Cameras. I meet many amateur hunters who pack only the most basic "mik en druk" one. Take one by all means but only as back up for a decent camera with quality lenses. Remember, they will not allow you to hang your trophies in the old age home. Besides from the memories, the photos will help illustrate an article, diary or book, especially if you have taken ones of things other than dead animals. I always try and take the whole or part of a day off to photograph the camp, camp staff at work, other animals, birds, insects, reptiles, flora, scenery and so on and I have been so glad I have.
A key element in your clothing and equipment is your medical kit. This is not something you want to leave for a few days before you leave. It is beyond the scope of this article to go into all the details here but it is not a bad idea to start with your head, work your way down and go through all the things that may and have gone wrong and the remedies which you know work for you. I am lucky and have a nursing sister for a wife and, over the years, she has put together a comprehensive medical kit that, regardless of what the outfitter or PH tell me, I take along and have been so glad on many occasions that I have.
The same goes for prophylactics and by this I do not mean condoms but those medicines that can prevent you contracting an illness. And no again, I am not just talking about malaria. There are many parts of Africa where hepatitis A and B are prevalent as well as meningitis and encephalitis. I always keep my rabies vaccination current as well as my cholera jab and there are still African countries that insist on an up to date yellow fever certificate. On top of this I always have a gamma globulin injection a week or so before I leave as this raises the body’s immune system, albeit only for a few months. Given the cuts and scratches, colds and flu, unclean water and staff who do not always wash their hands when they should, that you are exposed to, this allows you to heal a little quicker than you otherwise might. At any rate, it is like Caltex CX3, it works for me. In essence, however, you need to consult your doctor and/or a first aid expert well before you leave.
In your preparations, remember to think of the unthinkable. What happens if something bad happens to you and I do not just mean if something big and hairy stands on you or chews you. In my case, the machan in which I was sitting overlooking a stand of papyrus, collapsed – people still insist that, like an idiot of a child, I fell out of a tree – and I broke my back in two places. The casavac company my insurance broker sold me on – no problem, Pete, if something bad happens to you they will come and pick you up wherever you are and fly you home – told my wife there was nothing wrong with me, I was just performing and looking for sympathy. After four days they eventually said that, if I could find my own way to the nearest airstrip (some 60 roadless kilometres away) – they refused to hire a helicopter – they would fly me to Nairobi and if and only if, there was bone damage to my back, they would fly me to Johannesburg.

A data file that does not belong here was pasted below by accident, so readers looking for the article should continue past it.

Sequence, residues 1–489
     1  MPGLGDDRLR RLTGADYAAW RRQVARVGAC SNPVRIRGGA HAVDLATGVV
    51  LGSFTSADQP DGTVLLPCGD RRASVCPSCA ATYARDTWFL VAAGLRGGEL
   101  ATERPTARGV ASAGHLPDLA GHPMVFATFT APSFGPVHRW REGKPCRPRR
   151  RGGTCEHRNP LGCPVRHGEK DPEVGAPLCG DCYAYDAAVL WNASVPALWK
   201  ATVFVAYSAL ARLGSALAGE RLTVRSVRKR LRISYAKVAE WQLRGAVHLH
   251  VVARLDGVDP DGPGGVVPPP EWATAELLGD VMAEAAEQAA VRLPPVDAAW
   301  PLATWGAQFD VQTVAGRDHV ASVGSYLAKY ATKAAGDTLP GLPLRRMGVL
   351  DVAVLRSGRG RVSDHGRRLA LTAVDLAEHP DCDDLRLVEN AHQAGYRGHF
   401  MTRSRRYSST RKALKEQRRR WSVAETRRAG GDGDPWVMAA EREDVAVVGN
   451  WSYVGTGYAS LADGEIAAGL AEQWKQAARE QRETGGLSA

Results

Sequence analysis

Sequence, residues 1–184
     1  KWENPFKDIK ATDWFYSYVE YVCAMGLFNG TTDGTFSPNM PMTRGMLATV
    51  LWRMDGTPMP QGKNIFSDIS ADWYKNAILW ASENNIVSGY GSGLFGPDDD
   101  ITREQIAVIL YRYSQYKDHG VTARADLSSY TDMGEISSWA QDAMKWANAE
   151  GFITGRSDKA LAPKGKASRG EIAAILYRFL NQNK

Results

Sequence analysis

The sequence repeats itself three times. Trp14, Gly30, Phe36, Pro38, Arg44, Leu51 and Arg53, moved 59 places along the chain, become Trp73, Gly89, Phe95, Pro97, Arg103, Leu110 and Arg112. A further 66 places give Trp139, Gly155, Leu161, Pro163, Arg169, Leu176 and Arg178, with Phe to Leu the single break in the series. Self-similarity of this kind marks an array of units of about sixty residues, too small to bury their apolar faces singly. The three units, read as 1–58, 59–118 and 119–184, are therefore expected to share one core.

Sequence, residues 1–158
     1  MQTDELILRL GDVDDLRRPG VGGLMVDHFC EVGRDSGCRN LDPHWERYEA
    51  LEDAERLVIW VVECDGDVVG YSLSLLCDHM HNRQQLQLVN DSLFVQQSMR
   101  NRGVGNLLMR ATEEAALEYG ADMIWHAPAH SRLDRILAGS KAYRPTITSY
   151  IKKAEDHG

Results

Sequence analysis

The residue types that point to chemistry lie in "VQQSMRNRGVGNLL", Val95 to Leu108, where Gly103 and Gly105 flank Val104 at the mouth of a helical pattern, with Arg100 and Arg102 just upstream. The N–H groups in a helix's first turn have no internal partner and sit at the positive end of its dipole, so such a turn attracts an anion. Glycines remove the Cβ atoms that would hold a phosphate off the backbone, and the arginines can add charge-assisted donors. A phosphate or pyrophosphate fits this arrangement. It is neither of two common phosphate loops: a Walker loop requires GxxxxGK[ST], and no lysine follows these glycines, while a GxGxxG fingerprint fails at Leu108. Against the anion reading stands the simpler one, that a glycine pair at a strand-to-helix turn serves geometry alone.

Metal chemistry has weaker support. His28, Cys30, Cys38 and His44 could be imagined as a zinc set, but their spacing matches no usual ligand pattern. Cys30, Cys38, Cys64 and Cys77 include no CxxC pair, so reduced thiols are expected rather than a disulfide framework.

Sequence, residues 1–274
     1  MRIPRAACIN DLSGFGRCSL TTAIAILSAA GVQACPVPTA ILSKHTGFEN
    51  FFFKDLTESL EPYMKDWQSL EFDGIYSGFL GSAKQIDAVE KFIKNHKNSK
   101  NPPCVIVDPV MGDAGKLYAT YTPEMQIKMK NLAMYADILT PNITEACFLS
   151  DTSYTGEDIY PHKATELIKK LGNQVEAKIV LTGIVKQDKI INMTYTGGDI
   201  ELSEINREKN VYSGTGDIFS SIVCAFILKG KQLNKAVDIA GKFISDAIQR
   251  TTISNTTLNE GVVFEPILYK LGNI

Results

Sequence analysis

I was left to find my own way out of the bush and back to Johannesburg where I found this was their standard modus operandi. I spoke to a woman whose husband had died of cerebral malaria in Nigeria. They told her he had flu. And another man who could not walk as, instead of flying him home, they had him operated on in Ghana for a serious back injury after a car crash. You owe it to yourself and your loved ones to buy the very best casavac medical insurance you can afford.
While I have great admiration for the one gun man and have found that they are generally expert shottists, this is not the time to skimp. Take another firearm that you can use in case a river bank collapses under you, resulting in a fall which smashes the stock of your one and only rifle, as happened to me. Yes, you will in all likelihood be able to borrow a firearm of some description but, if it does not fit, the trigger has a creep from hell and you miss the plus 50 inch Lord Derby’s eland of your dreams as a result, it will take you a good few years to forgive yourself and the expense of another hunt to rectify matters will haunt you for even longer.
While I do not want to debate what the best rifle, calibre and ammunition is for the various kinds of game available in Africa to the north; far better and more knowledgeable men than me have written books about this, I have never been sorry that I belong to the school of use-more-than-enough-gun, which I have loaded with premium grade ammunition.
I have said this before – it is not that every one in the African hunting game is a crook – far from it but it does seem as if every crook is in the African hunting game. It is far easier to check references of a local outfitter and PH than it is to do so when they are far away and may not speak perfect English let alone your home language. It is easy in the heat of the moment at a hunting convention or show to become swept away by wonderful photos and a good salesman and part with a deposit before checking all the relevant details. I think more hunts are ruined by this single fact than anything else. In essence, there is a mismatch between the amateur hunter’s expectations and the promises or undertakings of the booking agent, safari outfitter or PH, caused either on purpose or by accident by the agent, outfitter or PH, and/or through ignorance and insufficient research on the part of the amateur hunter.
At the end of the day, it is not going to help to complain. Apart from the money, you will have wasted there is one thing you cannot recover – time! Research should start with the animal at the top of your wish list and then into the best places to hunt them, the best time of year to do so and the best people with the best records to guide you. In my humble opinion, when it comes to hunting, the saying, "If you pay peanuts, you get monkeys" has never been truer. It is better to save up, for years if necessary, and book a hunt to the north of us at the best place, at the best time of year, with the best people than the other way around.
Three last points to end off. Firstly, when it comes to sighting in, do not take this lightly. A number of camp staff will be watching carefully and will often make up their minds, then and there, if you are worth making an effort for depending on how you handle your firearm and shoot. Secondly, do not forget the skinning shed. By showing an interest in or, better still, helping to skin, cape, salt and label – your taxidermist should be able to supply you with proper ones – you will help to ensure not only that the job will be done properly and there will be no hair slip but also that there will be no mix up in the trophies, particularly if and when you shoot a really big one.
Lastly, I always take along some small gifts to give my hunting team at the start of the hunt. I make sure to tell them this has nothing to do with any tip and it helps break the ice and get the safari off on the right foot. I usually take along small, basic Swiss army knives but I have also taken beanies with the South African flag on the front and T-shirts.
And remember, forethought forestalls foul-ups.